Bridger Teton Backcountry Avalanche Forecast Center Bridger Teton Avalanche Center

Issued at 03/24/2018 06:43     Valid until: 03/24/2018 23:59
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CURRENT CONDITIONS (Mountain Weather Past 24 Hours)

At 10,400' Elevation: 5 AM Temp Max Temp Avg Wind Direction Avg. Wind Speed Max Wind Gust
Rendezvous Summit 18 º F 21 Southwesterly 21 48
View Temperature and Wind Graphs View Summit 48 Hr Wind Graph
Location Snowfall/Prec. Total Snow Depth Total Snowfall
At 9,300' Elevation (Raymer Plot) trace"/ 0.01 103" 444"
At 9,580' Elevation (Rendezvous Bowl Plot) trace"/ 0.01" 123" 436"
At 8,800' Elevation (Chief Joseph Plot) 1"/ 0.10" 115" 377"

Mountain Weather Forecast for Today

Snow is to develop this morning and continue through the afternoon as a fast moving system passes through the area.
Temperature Forecast for 8,000´-9,000´: Rising into the mid to upper twenties.
Ridge Top Wind Forecast for 10,000´: Southwesterly at 15-25.
Snowfall Expected Next 24 Hours: 1-5


Teton Area avalanche hazard rating for 03/24/2018
View full danger scale definitions
Avalanche danger scale ratings


In steep terrain at the high elevations, dangerous soft slabs that were formed by heavy snow and wind lie upon lighter snow and crusts. Yesterday a skier triggered one of these slabs in Drew's Slide to the south of the Jackson Hole ski area. He deployed an avalanche airbag and was lucky to escape injury. Similar events could happen today. At the mid elevations similar slab hazard exists although slab depths are significantly smaller. The likelihood of triggering slab avalanches will increase with daily warming, especially if slopes are affected by periods of direct sunlight. Increasing temperatures and potential sunshine will also create for the possibility of wet avalanche activity to occur. Wet slides will be most likely at mid elevations as the new surface snow weakens and could possibly occur at low elevations after the hard snow surfaces soften.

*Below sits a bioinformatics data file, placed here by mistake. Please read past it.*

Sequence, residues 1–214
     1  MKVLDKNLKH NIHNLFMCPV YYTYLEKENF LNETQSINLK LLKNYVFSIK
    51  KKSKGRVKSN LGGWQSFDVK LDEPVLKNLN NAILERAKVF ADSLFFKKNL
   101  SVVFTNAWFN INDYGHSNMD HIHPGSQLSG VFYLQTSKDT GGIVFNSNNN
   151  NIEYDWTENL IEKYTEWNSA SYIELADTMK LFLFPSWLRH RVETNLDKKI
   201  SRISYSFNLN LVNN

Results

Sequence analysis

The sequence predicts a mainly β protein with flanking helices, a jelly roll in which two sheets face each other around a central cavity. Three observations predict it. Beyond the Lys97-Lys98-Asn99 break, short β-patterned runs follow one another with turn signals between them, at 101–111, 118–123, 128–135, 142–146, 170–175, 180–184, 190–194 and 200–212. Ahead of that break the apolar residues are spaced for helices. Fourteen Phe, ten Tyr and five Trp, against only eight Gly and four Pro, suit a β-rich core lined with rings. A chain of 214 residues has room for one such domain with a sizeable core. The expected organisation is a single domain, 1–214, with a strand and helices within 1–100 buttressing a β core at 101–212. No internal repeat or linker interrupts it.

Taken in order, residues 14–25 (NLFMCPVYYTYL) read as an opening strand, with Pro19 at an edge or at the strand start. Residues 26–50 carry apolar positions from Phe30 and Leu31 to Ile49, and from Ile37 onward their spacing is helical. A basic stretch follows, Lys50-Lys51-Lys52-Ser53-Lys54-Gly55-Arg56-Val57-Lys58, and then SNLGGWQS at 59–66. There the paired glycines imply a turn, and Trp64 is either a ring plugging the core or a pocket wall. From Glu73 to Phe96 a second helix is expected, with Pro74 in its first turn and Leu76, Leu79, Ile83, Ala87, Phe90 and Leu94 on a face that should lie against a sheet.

TODAY'S AVALANCHE PROBLEMS View problem definitions

Wind Slab  
Avalanche problem rose
Very Likely
Very Large
Increasing trend


Wind and new snow have formed slabs above 8000 feet. These slabs could be easily triggered by backcountry skiers or riders in steep avalanche terrain and could have depths to three feet above 9000 feet and from one to two feet in terrain between 8000 and 9000 feet. These slabs will become more sensitive today as they are weakened by warmer temperatures and periods of direct sunshine.
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For further information call 307-733-2664 To report an avalanche observation call 307-739-2607
SPONSORS: Jackson Hole Mountain Resort, Box Y Ranch, Togwotee Mountain Lodge, Brooks Lake Lodge, Wyoming State Trails Program, Bruce Hayse M.D., Skinny Skis, Chippy's Kitchen and Catering, Jackson Hole Ski Atlas, Grand Targhee Resort, DeFazio Law, Eric Balog, Stewart Johnson, CPA, Grand Teton Floor & Window Coverings, Exum Mountain Guides, International Snowmobile Manufacturers Association, Apex Real Estate and Property Management, RPK3 Law, Snake River Brewing, Redfin, Tip Top Search and Rescue, Next Level Riding Clinics, Stio, Eco Tour Adventures, Steve Romeo Memorial Fund, Exploradus, Deuter - Ortovox and Colorado School of Mines
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